Scientists have for the first time measured the amount of water that pools in the Amazon River floodplain.
A massive 285 billion metric tons, or 285 cubic kilometers of water by volume pools every time the Amazon River floods. That’s equivalent to half the volume of the world’s 15th largest lake, Lake Erie. However, that much water only accounts for about 5% of the water that flows through the Amazon River every year, and the amount is much smaller than researchers were expecting to find.
“Nobody knows exactly how much water there is on the planet,” said Doug Alsdorf, associate professor of earth sciences at Ohio State University. “We need to understand how our water supply will change as the climate changes, and the first step is getting a handle on how much water we actually have. Satellite observations are the only reliable option for places like the Amazon and especially the Congo Basin, where in-person measurements are near-impossible. Just getting there is a serious challenge.”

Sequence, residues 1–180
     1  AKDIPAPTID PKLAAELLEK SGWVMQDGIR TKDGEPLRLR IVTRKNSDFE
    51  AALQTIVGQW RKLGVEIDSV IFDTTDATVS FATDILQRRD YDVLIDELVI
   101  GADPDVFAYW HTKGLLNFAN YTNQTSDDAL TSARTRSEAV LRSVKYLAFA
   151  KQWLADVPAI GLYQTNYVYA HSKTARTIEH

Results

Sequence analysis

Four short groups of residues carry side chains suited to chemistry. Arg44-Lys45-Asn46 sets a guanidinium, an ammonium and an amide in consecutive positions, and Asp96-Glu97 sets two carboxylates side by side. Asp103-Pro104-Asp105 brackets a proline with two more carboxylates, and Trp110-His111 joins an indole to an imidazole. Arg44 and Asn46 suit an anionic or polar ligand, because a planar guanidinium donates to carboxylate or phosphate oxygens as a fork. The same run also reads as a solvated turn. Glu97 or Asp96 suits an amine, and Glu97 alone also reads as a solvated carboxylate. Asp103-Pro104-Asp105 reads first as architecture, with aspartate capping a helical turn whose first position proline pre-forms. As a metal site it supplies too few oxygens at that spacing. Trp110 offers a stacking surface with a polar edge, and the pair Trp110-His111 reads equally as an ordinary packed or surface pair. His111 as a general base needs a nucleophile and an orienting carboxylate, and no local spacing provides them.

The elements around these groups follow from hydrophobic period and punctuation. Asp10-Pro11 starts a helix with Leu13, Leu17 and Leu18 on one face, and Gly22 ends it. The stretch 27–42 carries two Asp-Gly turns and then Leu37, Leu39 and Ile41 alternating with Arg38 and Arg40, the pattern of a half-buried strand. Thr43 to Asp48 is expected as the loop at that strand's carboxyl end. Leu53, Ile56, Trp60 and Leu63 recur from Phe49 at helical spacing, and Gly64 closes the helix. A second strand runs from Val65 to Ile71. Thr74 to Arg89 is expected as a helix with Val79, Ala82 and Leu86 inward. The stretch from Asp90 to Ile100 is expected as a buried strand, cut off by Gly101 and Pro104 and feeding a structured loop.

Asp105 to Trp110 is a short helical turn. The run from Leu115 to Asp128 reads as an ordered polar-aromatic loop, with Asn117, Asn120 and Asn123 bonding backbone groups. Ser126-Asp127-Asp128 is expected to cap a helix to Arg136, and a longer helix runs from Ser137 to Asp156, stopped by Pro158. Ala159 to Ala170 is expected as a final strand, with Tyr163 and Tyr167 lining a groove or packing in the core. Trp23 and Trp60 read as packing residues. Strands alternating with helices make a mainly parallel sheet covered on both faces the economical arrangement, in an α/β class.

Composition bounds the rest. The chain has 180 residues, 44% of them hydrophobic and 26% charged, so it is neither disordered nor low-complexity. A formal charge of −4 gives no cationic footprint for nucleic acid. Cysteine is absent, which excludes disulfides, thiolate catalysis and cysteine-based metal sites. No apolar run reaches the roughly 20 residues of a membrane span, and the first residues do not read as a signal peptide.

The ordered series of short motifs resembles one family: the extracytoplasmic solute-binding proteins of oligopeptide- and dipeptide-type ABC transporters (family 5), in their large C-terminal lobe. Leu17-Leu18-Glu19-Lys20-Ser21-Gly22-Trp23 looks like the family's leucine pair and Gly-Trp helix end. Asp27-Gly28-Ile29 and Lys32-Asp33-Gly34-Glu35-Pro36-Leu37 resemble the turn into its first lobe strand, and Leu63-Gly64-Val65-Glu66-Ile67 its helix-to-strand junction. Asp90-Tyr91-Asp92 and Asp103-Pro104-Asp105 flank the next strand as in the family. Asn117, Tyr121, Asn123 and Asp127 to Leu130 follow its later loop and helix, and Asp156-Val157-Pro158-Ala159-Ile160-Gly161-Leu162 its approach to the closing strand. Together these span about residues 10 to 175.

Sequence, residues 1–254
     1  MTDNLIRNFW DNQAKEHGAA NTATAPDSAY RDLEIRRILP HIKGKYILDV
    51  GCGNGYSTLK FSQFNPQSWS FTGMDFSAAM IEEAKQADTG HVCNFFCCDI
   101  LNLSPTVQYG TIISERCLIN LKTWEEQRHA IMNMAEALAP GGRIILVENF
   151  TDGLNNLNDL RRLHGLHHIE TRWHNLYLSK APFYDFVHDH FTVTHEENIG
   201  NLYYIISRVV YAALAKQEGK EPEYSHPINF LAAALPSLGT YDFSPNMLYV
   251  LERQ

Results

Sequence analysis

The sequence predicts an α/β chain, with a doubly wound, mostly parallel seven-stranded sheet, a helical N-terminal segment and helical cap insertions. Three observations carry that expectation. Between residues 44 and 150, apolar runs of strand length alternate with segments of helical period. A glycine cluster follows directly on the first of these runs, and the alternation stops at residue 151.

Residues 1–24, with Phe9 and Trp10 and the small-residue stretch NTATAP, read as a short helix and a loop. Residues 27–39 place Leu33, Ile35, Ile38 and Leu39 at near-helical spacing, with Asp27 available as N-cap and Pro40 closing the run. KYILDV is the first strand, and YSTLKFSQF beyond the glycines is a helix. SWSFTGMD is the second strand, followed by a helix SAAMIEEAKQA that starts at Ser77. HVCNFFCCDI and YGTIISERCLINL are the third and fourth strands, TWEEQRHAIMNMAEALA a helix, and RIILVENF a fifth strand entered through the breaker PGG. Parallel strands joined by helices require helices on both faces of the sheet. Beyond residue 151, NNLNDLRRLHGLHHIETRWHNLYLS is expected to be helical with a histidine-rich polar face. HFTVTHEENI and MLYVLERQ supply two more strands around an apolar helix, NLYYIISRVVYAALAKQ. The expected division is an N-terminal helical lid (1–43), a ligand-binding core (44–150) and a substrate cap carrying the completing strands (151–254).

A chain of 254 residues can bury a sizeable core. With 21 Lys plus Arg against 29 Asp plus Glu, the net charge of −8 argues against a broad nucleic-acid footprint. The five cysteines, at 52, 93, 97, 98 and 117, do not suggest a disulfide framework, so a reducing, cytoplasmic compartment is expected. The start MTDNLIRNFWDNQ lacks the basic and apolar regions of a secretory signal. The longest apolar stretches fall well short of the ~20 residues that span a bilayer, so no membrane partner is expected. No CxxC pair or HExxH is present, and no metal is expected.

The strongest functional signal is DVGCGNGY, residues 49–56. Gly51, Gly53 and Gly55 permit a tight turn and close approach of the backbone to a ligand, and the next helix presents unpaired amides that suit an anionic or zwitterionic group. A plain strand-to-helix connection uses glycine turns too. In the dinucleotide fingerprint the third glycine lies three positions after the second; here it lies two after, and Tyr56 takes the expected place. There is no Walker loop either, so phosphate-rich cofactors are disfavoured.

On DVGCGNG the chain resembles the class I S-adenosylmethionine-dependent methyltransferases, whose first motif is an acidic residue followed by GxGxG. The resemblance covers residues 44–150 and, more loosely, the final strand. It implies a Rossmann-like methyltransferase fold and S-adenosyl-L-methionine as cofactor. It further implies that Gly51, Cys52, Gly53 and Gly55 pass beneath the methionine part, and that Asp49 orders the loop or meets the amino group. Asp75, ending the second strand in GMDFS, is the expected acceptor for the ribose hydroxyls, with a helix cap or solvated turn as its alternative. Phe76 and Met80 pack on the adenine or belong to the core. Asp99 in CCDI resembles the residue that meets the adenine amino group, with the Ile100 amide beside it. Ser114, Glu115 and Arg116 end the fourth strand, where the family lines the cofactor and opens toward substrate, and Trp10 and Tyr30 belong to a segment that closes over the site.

Alsdorf and his team used four satellites – three from NASA and one from the Japan Aerospace Exploration Agency – to measure the water in the floodplain, that area alongside the Amazon River which overflows during the rainy season. Their focus was the changes in water level during the wet and dry seasons between 2003 and 2006.
The data gathered by the four satellites created a whole picture of the Amazon landscape and how it changes during the rainy season. After the water receded the researchers were able to calculate the change in water volume across the entire floodplain and arrive at measurements of up to an average of 285 cubic kilometers (285 billion metric tons)stored and emptied from the floodplain in a whole year.